Shorts vs. Puts

Discussion in 'Options' started by bluedemon77, Jun 19, 2006.

  1. bluedemon77

    bluedemon77 Guest

    Sorry for asking an elementary question, but I've never traded options and I'm trying to understand them, so I hope one of you guys will help me out.

    Let's say I think UAUA is going to start falling again, which I do. The stock closed at $31.60 and if I short it I think I can cover it in a few days for $26, giving me a profit of about $5.50 per share. If I'm wrong and the stock skyrockets, theoretically my losses are unlimited. Also, there is a possibility that I can be forced to cover my short by the broker at any time, regardless of where they are in the market. Plus you can't short a stock under $5 and stocks are not always available to short.

    Or I can buy a $30 July put contract for $1.20 per share and if the stock hits $26 I'll make $2.80 per share. But if I'm wrong, the most I can lose is $1.20 per share. Essentially I'm trading off potential gain in return for limiting my loss.

    Did I get that right? Are there any other advantages to buying puts instead of shorting stock?

  2. If you want to short without as rigid a time limit, you could also just short the stock and buy a slightly out of the money call (maybe 1 or 2 months out) as insurance (just in case). So if the stock goes up $5, you'll lose significantly less. The out of the money call will pay for itself if the stock drops just a little bit as you predict.
  3. Short stock + long call = synthetic put.

    You still might be better off just buying the long put and avoiding margin requirements, paying dividends if stock issues them, getting called out of your short early by your broker, or margin interest. Buy the put and keep the rest of your capital safe.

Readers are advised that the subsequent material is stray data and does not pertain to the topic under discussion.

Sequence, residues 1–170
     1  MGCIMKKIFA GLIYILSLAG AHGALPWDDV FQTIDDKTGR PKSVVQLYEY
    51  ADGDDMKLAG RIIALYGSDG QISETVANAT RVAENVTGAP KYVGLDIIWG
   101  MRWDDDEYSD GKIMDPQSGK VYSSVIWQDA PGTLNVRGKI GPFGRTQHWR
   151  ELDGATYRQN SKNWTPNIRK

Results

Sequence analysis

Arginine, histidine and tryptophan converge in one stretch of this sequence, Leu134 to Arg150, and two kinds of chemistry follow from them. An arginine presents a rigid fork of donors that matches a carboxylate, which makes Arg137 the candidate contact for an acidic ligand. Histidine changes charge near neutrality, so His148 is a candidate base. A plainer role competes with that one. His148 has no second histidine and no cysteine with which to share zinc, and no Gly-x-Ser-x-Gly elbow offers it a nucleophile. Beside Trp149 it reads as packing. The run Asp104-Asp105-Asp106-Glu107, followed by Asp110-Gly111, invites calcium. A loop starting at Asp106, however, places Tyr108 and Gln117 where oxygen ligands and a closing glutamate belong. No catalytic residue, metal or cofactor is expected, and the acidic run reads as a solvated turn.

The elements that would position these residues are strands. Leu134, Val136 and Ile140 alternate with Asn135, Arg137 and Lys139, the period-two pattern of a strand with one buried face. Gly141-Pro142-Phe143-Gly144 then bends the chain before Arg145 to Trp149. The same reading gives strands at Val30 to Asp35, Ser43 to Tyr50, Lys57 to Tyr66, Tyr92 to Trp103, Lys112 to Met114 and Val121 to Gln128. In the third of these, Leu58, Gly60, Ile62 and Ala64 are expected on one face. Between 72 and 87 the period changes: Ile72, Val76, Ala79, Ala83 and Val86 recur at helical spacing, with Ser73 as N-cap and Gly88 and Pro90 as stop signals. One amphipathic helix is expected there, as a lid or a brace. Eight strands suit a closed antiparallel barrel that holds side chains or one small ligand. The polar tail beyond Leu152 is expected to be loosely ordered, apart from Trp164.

To replicate a short you can simply use a deep ITM put to get as much delta as possible.

  4. bluedemon77

    bluedemon77 Guest

    Thanks for the responses, guys. I think this might be one of my first option trades when I get my IB account set up tommorrow. UAUA looks like it's starting to slip. I have faith in this company--failing, that is.
  5. TOS lists UAUA as "Hard to borrow" so you might not be able to short it.

    Also, if you buy the put and it goes to $26 you should make more than 2.80 due to time value and volatility, depending on which expiration you buy. For example, right now the Jul 35 puts are selling for about 3.30 and UAUA PPS is 32.50, so the options are priced about 80 cents higher than the difference. If you hit your target you should probably close the position.

    If this is your first option trade you don't want to keep it until expiration. If you don't close an ITM put, it will automatically be exercised and your broker will sell "your" shares. If you don't have any shares you will be short the shares. If some good news for UAUA is announced over the weekend after expiration, and it gaps open on Monday, you will have to buy them and possibly have a loss.

    BTW, right now the July 30 puts are selling for about .85.

    Yet ANOTHER consideration is liquidity. Open interest on the Jul puts is 1,111, but trading volume today is only 5 contracts, and the bid/ask spread is .30.
  6. BTW, I asked a TA guy I know who said it might be a good short if it passes 33 resistance. Then it will be overbought. Just passing this along FYI.